Compliant ILM policy for S3 Object Lock example

To create an ILM policy that will effectively protect all objects in your system, including those in buckets with S3 Object Lock enabled, you must select ILM rules that satisfy the storage requirements for all objects. Then, you must simulate and activate the proposed policy.

Adding rules to the policy

In this example, the ILM policy includes three ILM rules, in the following order:

  1. A compliant rule that uses erasure coding to protect objects larger than 200 KB in a specific bucket with S3 Object Lock enabled. The objects are stored on Storage Nodes from day 0 to forever.
  2. A non-compliant rule that creates two replicated object copies on Storage Nodes for a year and then moves one object copy to a Cloud Storage Pool forever. This rule does not apply to buckets with S3 Object Lock enabled because it uses a Cloud Storage Pool.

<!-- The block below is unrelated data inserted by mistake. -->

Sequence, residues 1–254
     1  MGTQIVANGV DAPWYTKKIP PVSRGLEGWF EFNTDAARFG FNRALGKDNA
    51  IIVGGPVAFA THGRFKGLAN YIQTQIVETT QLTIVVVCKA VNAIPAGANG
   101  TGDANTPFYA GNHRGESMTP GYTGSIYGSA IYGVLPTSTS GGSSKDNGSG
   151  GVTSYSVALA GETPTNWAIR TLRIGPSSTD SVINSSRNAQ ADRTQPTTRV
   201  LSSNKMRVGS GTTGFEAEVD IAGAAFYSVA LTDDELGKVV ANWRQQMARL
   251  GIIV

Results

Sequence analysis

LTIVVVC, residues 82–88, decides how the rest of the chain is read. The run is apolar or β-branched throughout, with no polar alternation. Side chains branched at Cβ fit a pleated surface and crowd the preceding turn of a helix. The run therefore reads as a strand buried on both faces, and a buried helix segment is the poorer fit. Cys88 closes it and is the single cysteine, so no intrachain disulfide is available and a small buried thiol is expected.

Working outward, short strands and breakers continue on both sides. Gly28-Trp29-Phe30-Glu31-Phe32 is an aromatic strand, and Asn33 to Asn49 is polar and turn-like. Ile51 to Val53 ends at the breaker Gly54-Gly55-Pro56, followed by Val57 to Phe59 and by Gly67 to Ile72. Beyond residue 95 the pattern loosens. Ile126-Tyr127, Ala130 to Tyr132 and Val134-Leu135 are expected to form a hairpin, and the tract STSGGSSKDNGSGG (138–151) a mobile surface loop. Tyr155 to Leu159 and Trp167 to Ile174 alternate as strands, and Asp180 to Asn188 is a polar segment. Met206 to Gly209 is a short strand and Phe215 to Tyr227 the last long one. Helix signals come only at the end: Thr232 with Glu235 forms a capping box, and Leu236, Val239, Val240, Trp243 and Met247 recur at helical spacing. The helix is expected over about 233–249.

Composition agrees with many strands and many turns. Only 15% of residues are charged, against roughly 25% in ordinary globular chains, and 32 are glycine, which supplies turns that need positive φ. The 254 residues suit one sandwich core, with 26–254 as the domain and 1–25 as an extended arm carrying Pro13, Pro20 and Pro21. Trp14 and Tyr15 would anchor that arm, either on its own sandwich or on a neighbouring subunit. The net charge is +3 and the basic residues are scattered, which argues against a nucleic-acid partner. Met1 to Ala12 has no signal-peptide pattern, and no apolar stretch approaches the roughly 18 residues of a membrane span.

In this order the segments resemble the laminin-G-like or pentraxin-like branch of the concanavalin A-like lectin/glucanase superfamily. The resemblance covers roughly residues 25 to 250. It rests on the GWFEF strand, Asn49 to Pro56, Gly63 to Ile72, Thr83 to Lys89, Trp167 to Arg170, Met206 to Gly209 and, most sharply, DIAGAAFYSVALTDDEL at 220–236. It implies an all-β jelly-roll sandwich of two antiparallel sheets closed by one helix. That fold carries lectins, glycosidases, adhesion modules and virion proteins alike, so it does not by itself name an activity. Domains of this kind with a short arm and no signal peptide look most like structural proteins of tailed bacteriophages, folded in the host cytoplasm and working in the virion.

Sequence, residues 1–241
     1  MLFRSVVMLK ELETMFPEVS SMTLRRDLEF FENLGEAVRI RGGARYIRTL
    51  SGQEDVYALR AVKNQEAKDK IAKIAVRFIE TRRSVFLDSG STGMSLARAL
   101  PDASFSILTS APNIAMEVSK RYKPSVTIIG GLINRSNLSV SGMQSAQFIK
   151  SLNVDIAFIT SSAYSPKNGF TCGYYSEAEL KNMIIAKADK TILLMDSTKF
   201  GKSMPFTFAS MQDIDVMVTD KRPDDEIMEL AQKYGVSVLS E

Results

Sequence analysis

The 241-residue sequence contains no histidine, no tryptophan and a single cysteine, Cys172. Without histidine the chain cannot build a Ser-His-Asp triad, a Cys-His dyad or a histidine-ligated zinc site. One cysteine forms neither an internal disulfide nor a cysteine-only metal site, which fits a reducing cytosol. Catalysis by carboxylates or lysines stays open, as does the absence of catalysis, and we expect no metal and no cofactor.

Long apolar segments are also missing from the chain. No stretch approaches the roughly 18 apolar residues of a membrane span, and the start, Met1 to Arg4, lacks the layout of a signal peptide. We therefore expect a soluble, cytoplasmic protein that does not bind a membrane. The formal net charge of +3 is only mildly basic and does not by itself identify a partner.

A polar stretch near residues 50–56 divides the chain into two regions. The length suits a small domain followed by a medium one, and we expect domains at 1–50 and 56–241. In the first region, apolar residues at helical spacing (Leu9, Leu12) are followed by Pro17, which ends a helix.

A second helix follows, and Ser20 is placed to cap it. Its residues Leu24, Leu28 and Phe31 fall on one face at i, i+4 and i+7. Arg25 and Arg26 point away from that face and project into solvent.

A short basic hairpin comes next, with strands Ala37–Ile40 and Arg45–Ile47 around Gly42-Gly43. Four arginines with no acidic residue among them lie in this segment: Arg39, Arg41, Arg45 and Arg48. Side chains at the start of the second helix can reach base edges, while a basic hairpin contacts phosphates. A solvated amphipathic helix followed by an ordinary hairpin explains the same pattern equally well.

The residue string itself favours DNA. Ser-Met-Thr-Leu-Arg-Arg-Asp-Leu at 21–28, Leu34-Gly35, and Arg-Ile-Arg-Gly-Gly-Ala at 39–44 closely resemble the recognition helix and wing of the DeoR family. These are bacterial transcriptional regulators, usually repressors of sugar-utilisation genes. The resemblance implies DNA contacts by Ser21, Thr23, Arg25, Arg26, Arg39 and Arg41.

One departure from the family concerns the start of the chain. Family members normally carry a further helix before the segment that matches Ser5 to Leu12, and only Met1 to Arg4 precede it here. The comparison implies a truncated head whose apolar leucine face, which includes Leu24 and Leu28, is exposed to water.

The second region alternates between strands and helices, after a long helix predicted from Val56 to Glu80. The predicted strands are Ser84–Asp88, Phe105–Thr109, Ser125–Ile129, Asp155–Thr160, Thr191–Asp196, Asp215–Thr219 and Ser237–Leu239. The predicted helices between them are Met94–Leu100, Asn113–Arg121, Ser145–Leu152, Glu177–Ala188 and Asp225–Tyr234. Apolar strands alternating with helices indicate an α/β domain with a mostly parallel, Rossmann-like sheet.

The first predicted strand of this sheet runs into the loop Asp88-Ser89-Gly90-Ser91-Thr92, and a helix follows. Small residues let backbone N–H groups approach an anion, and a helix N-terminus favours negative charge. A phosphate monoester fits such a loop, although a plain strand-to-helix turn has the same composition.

3. The default compliant rule that creates two replicated object copies on Storage Nodes from day 0 to forever.

Example Compliant Policy

Simulating the proposed policy

After you have added rules in your proposed policy, chosen a default compliant rule, and arranged the other rules, you should simulate the policy by testing objects from the bucket with S3 Object Lock enabled and from other buckets. For example, when you simulate the example policy, you would expect test objects to be evaluated as follows:
  • The first rule will only match test objects that are larger than 200 KB in the bucket bank-records for the Bank of ABC tenant.
  • The second rule will match all objects in all non-compliant buckets for all other tenant accounts.
  • The default rule will match these objects:
    • Objects 200 KB or smaller in the bucket bank-records for the Bank of ABC tenant.
    • Objects in any other bucket that has S3 Object Lock enabled for all other tenant accounts.

Activating the policy

When you are completely satisfied that the new policy protects object data as expected, you can activate it.